Clinical Experience of Transcatheter Closure for Residual Ventricular Septal Defect in Pediatric Patients.Congenit Heart Dis 2016; 11(4):323-31CH
Open cardiac surgery has traditionally been the gold standard for repair of ventricular septal defect (VSD). The inherent risks and complications associated with open surgery and the incidence of postoperative residual VSD are significant disadvantages of the open surgical approach.
To evaluate the methodology and efficacy of transcatheter closure of postoperative residual VSD in children.
Patients with postoperative VSD who underwent percutaneous device closure in the period from August 2010 and February 2014 in our center were analyzed retrospectively. Twelve children, including 8 males and 4 females, with mean age of 8.13 ± 5.39 years (range 0.67-17 years) and mean weight of 29.63 ± 20.86 kg (range 5.5-66 kg) were included in the study.
Ten cases had residual shunts situated at the margin of the patches while the other two had residual shunts because of multiple muscular VSD. The mean VSD diameter was 3.84 ± 1.86 mm (range 2.3-8.7 mm). On cardiac catheterization, the reported mean pulmonary circulatory blood volume/systemic circulation volume (Qp/Qs) ratio was 1.86 ± 0.91 (range 1.1-4.25) and the mean pulmonary artery pressure was 25.92 ± 12.42 mm Hg (range 7-52 mm Hg). Successful transcatheter closure was obtained in all twelve patients with postsurgery residual VSD. Two cases with residual muscular VSD underwent retrograde catheterization via the femoral artery while one case with residual VSD located at the lower margin of the patch was accessed via the internal jugular vein. The mean procedure time was 81.25 ± 25.86 minutes (range 40-120 minutes). There was no evidence of residual VSD, and no instances of new-onset valvular regurgitation were reported, with the only two exceptions being patients who had multiple muscular VSDs where clinically insignificant residual shunts were detected.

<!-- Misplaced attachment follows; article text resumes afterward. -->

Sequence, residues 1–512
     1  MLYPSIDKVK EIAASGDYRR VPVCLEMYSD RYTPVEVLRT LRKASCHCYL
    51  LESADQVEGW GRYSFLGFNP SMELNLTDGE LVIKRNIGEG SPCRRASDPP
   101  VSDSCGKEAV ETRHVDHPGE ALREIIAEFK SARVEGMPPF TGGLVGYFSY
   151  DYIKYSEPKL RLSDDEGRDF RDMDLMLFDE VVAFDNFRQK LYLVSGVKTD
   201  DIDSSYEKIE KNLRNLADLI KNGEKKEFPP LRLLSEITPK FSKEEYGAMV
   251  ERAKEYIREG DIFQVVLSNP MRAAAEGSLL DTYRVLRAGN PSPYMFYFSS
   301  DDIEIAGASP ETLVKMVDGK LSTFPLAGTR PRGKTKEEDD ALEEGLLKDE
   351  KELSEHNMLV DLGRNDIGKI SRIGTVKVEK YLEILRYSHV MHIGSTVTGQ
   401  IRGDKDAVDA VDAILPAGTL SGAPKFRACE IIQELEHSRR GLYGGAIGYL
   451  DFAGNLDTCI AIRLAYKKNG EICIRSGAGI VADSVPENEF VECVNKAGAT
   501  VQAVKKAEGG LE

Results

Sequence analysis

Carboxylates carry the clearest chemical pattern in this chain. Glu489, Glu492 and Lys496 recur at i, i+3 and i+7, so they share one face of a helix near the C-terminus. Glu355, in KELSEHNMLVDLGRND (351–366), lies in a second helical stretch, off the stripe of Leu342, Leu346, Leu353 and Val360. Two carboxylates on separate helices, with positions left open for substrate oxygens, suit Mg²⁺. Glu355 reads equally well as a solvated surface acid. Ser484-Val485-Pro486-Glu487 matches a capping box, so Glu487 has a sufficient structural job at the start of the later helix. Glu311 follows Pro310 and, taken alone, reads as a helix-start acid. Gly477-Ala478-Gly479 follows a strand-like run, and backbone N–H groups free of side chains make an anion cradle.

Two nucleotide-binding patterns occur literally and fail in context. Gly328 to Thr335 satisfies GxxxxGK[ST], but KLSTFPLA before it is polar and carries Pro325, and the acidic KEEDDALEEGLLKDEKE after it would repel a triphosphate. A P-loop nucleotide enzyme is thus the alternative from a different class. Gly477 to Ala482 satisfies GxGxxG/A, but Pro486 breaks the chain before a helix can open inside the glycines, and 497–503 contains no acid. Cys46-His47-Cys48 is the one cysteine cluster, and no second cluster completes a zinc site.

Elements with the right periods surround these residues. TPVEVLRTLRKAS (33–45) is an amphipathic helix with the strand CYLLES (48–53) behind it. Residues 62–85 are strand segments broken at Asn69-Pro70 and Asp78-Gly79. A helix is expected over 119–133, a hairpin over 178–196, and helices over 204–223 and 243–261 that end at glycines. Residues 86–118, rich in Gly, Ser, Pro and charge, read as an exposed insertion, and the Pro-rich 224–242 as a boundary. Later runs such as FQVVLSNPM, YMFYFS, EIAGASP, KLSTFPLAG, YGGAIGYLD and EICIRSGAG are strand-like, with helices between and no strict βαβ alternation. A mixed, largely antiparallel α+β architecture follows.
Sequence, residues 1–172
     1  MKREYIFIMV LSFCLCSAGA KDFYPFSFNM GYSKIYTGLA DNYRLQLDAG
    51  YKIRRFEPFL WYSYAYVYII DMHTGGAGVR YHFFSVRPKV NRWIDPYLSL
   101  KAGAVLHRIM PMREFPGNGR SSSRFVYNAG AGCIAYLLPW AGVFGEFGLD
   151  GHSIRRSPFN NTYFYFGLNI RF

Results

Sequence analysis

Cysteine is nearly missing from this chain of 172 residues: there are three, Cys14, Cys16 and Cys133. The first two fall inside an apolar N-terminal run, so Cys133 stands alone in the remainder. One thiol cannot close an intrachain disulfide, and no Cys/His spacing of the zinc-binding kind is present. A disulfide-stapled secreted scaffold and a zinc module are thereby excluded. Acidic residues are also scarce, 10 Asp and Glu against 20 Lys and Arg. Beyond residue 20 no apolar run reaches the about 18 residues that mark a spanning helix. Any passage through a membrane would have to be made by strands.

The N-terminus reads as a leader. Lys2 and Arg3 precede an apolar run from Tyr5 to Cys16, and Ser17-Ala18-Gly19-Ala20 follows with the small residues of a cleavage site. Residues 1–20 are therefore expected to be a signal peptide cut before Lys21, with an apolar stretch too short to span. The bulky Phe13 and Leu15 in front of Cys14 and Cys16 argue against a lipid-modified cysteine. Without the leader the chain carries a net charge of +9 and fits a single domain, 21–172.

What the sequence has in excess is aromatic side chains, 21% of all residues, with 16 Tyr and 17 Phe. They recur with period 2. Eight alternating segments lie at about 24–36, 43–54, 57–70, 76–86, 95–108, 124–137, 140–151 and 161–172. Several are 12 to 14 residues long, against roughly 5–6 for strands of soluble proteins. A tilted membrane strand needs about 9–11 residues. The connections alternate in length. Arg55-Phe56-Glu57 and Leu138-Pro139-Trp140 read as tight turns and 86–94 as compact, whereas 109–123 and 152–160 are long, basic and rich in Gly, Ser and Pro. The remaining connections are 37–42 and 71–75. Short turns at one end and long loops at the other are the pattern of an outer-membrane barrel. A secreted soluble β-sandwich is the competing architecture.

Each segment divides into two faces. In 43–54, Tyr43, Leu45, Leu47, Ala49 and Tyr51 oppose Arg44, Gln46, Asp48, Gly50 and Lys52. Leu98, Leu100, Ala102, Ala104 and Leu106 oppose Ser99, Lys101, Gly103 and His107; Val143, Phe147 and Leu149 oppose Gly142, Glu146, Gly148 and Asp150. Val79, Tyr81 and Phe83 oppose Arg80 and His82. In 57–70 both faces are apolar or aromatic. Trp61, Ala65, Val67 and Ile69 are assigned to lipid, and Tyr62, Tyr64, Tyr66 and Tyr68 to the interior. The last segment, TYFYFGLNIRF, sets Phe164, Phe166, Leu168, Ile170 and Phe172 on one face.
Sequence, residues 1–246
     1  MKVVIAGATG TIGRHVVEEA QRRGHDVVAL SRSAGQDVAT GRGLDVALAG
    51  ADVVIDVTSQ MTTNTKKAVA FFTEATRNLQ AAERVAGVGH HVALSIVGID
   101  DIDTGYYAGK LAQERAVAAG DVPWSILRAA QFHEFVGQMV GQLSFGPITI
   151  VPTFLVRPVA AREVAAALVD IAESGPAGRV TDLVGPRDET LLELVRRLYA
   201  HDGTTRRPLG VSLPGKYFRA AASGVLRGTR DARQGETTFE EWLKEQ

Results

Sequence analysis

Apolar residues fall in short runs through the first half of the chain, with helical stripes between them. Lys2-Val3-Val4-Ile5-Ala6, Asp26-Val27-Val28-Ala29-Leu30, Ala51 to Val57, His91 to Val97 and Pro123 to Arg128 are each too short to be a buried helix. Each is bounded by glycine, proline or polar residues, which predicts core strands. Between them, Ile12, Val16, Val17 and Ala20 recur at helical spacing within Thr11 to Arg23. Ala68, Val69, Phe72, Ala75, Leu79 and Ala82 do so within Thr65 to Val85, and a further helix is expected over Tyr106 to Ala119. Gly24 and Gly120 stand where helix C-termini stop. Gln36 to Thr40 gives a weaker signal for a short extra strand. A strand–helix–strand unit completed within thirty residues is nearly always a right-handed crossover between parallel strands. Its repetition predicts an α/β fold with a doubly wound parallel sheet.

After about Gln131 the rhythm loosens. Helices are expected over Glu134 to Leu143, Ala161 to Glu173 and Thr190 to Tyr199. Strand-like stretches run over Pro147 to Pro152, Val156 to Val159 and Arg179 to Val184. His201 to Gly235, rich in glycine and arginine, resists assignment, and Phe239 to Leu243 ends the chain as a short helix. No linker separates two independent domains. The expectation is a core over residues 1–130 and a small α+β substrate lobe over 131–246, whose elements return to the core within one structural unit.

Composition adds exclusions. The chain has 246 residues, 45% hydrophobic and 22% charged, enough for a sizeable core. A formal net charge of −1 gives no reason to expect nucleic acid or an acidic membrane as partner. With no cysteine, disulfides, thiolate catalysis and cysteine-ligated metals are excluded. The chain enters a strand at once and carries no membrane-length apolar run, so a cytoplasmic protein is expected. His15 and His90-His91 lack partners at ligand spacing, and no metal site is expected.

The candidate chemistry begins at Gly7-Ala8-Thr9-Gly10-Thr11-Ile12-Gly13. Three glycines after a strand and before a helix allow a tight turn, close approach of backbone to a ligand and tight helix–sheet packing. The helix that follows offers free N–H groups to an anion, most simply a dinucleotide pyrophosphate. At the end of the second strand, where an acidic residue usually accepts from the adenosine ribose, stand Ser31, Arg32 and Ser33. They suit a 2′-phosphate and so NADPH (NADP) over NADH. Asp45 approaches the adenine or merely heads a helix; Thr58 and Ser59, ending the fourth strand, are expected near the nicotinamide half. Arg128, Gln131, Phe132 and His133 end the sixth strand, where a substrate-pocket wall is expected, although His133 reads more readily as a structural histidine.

Our retrospective study highlights the potential safety and therapeutic efficacy of transcatheter approach for closing postoperative residual VSD in children.
More robust studies with longer-term follow-up of outcomes are required to firmly establish the safety profile and respective indications for use of various occluder devices for treating different categories of residual VSD.